[16] See Tierney, op cit

[17] B. Smith, The Quebec Referendums, House of Commons Library, 13/47, 2013.

[18] Tierney op cit p 250.

[19] Tierney, op. cit

[20] A. Kluth, „The People’s Will“, The Economist, 23.4. 2011.

[21] The Economist, “Lessons from California: the perils of extreme democracy”, 20.4. 2011. QVORTRUP

 

 


 

Further the Yearbook includes a joint chapter written by Dr Christoph KONRATH together with Dr Melanie SULLY on "Personalities, Parties and Parliamentarism".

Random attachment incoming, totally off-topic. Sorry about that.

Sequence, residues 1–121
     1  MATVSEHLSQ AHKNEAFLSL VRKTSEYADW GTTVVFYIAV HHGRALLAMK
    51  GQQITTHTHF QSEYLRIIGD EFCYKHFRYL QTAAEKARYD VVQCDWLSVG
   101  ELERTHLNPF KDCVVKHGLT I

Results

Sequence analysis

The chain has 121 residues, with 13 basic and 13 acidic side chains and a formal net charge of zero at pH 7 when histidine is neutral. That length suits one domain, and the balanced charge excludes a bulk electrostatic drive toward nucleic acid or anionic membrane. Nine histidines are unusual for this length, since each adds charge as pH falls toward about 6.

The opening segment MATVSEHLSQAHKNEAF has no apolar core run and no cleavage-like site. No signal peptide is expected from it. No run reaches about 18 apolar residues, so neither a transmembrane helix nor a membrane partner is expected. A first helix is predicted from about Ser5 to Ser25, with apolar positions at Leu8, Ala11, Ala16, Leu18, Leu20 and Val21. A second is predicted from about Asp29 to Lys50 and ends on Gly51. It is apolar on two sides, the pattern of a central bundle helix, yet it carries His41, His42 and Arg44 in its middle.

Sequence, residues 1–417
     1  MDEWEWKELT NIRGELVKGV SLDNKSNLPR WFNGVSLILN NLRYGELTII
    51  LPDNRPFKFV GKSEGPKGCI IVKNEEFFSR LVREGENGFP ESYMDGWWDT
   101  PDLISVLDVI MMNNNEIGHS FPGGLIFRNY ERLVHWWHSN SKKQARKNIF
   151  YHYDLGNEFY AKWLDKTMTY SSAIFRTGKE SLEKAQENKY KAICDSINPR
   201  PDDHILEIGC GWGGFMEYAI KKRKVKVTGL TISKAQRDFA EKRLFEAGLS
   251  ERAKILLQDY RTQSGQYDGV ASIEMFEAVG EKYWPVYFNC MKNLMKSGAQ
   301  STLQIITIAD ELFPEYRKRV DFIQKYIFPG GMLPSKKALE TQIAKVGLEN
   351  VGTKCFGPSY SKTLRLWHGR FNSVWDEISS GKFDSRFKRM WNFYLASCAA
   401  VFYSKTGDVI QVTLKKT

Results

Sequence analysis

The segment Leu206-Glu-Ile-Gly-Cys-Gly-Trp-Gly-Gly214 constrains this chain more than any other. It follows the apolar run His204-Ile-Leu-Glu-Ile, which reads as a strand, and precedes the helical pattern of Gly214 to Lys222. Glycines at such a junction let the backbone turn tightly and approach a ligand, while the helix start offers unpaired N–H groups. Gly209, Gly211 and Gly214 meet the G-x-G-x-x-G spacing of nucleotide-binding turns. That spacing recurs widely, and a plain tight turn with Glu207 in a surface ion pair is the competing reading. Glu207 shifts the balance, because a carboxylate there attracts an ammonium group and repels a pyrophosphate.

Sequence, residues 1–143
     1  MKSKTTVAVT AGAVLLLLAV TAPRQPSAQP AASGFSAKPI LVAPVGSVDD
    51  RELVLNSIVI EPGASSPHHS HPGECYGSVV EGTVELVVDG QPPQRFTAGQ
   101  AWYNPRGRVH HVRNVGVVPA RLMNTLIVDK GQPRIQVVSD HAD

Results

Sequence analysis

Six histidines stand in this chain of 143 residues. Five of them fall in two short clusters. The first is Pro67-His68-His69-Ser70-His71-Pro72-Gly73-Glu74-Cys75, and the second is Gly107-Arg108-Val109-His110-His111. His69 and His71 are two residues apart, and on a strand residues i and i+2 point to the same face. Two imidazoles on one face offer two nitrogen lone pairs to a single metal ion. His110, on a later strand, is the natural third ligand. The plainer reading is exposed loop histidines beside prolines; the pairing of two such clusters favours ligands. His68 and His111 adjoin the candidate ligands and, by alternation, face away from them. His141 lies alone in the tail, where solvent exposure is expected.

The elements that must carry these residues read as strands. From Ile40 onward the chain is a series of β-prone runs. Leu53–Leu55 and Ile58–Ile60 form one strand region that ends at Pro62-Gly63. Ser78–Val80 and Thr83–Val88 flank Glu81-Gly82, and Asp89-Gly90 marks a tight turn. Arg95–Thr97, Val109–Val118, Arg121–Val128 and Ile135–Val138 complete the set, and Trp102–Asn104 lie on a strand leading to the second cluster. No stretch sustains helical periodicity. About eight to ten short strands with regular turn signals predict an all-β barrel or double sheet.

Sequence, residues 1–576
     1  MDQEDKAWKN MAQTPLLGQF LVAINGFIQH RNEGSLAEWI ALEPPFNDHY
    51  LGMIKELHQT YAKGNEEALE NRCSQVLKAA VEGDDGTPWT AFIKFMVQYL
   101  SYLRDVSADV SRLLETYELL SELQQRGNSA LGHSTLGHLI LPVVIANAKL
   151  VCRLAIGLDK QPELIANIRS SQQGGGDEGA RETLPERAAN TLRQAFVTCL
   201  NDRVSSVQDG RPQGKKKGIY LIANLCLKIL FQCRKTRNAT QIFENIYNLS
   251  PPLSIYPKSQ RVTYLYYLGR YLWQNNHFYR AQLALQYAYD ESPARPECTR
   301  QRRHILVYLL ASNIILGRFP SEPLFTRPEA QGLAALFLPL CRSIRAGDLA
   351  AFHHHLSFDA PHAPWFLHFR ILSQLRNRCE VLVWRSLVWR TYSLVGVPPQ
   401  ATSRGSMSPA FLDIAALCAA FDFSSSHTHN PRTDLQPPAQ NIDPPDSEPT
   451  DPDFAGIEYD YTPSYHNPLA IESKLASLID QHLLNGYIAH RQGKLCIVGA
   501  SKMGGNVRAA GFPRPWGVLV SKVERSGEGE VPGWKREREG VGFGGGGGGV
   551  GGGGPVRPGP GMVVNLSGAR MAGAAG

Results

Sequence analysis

This examines the Austrian parliamentary election of 2013 and its concentration on a few leading personalities which to an extent diverts from the importance of the parliamentary mandate. The emphasis on a few candidates in the otherwise classical Austrian Party system poses an interesting paradox. At the same time moves are underway to strengthen the personality element eg through electoral reform and improved preferential voting chances in order to recuperate some of the loss of confidence in politics generally. However this has met with modest success and skirted around the more fundamental need for effective parliamentary reform. The chapter makes use of comparative material from other legislatures to illustrate the need for a greater understanding of representation and responsibility and concludes with a call for an increase in the quality and professionalism of parliamentary work.